After clearly waiting for Proposition 22 to pass in California, DoorDash has put in motion plans to go public after filing papers that signaled its intent to do so on Friday.
2020's been a banner year for app-based delivery companies. For example: Uber Eats has seen record-breaking earnings for the company this year (despite the fact that the model still isn't profitable). GrubHub reported $459M in revenue during Q2 2020, a 41% increase from Q2 2019 — adding that the pandemic is a "permanent catalyst" for the company. So it's little wonder why DoorDash — which has already doubled its revenue from the prior year in 2020 — is now finally planning to go public amid booming business.
As reported by KTVU, The SF-based company took the first steps to becoming public on Friday when it indexed documents which hinted at that plan. Talks of the food delivery company going public have been circulating around for well over a year, but DoorDash now seems sure on pushing forward with an IPO — in part because of how the company fits into the new "wave of demand for convenience."
“Technology has changed consumer behavior and driven a wave of demand for convenience,” the company said in a statement to its prospectus, according to the news outlet. “Recent events have further accelerated these trends, pulling the future of e-commerce forward for businesses large and small.”
In the first nine months of 2020, DoorDash's revenue more than doubled from $885M in 2019 to $1.9B — an almost seven-fold increase from its 2018 earnings of $291M. Nonetheless, DoorDash (like Uber Eats) has lost money each year since it was founded in 2013; the company also warned would-be investors losses would likely continue as the company increased spending to expand.
And yes: it's grossly evident that DoorDash waited to start the IPO process until the fate of California’s Proposition 22 was cemented, according to Wedbush Securities analyst Daniel Ives.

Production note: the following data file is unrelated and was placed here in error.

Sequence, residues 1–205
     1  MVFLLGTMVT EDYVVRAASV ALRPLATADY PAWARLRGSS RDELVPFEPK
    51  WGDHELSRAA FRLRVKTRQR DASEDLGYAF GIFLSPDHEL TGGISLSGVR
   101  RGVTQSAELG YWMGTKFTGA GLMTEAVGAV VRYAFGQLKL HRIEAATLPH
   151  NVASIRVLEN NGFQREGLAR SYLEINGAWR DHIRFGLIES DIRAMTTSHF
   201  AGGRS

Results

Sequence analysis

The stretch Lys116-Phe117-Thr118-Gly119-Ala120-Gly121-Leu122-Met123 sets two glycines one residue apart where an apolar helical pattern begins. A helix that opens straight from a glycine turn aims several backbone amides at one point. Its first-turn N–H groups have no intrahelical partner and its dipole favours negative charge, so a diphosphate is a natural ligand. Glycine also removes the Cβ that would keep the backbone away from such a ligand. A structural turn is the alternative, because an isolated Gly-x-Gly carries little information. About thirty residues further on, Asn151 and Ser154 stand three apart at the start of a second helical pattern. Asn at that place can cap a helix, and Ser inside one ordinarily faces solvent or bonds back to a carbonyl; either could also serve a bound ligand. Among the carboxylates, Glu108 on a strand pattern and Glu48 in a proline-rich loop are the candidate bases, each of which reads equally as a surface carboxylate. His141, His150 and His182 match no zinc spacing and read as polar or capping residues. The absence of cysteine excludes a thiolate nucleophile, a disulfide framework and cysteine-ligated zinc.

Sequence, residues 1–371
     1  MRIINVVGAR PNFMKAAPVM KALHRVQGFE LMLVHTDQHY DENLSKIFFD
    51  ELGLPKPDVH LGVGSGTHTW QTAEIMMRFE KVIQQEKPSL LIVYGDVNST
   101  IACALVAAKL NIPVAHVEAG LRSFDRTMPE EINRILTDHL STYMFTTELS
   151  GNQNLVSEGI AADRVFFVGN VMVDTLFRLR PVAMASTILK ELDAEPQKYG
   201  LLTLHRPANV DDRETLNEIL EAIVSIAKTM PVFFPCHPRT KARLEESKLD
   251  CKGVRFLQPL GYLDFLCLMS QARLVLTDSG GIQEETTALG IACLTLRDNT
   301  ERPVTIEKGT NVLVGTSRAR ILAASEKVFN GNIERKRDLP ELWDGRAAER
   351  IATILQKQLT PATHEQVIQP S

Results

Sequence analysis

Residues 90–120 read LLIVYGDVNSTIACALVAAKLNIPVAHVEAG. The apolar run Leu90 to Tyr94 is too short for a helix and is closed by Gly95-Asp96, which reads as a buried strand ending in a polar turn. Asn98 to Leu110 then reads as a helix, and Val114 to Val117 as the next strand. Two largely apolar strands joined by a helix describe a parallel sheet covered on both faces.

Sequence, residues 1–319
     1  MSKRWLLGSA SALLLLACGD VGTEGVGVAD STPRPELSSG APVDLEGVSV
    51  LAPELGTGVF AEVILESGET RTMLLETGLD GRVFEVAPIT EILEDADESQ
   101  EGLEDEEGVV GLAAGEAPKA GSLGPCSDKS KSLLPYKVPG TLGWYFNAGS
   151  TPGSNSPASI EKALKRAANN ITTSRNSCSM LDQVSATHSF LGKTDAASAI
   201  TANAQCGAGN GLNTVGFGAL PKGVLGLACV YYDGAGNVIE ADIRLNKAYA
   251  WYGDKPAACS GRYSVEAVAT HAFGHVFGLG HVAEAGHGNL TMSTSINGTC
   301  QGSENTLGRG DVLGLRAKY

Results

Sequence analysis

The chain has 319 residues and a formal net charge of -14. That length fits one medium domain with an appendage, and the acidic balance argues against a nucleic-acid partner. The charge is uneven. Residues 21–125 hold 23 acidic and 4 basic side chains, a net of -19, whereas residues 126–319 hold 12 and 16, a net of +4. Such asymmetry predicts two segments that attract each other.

“That would have been an uphill battle had Prop 22 not passed in California,” Ives said to KTVU. “That puts a dark cloud in the rearview mirror and really opens the spigot for investor appetite.”
Now passed, Proposition 22 — which, at its core, allows app-based delivery companies to classify drivers as "independent contractors" instead of staffed employees — will allow DoorDash, as well as companies like Uber Eats and GrubHub, to forego giving costly employee benefits to drivers. However, the companies did clear an exception that will give limited benefits, such as health care subsidies, to independent contractors who work at least 25hrs a week.
Had Proposition 22 not passed, companies like Uber and Lyft cited that they'd likely either have to shut down operations in the state or heavily increase service fees on their products. (For a good while, like app-based companies were also considering evolving certain franchise models to side-step classifying its drivers as staff — and thus continue treating them as contractors.)
Ives, as well as other industry analysts, have suggested that DoorDash could become profitable by 2021. And that's likely because of how the pandemic has catapulted sales.
“No industry has benefited more than food delivery,” Ives added. “In a horrific backdrop, a silver lining has been, from an economic perspective, it’s been a huge positive for these workers, drivers, and restaurants that could utilize companies like DoorDash in this environment.”
Court filings from DoorDash have not made clear how many shares it will sell or how much money it hopes to generate by going public.
According to Reuters, grocery-focused Instacart has also recently hinted at going public after picking Goldman Sachs to lead a 2021 IPO at upwards of a $30B evaluation.
You can read the complete IPO filing from DoorDash, here.
Image: A view of general atmosphere at the Doordash booth at 'Night Market' presented by The Los Angeles Times on May 08, 2019 in Los Angeles, California. (Courtesy of Tibrina Hobson/Getty Images for Los Angeles Times Food Bowl)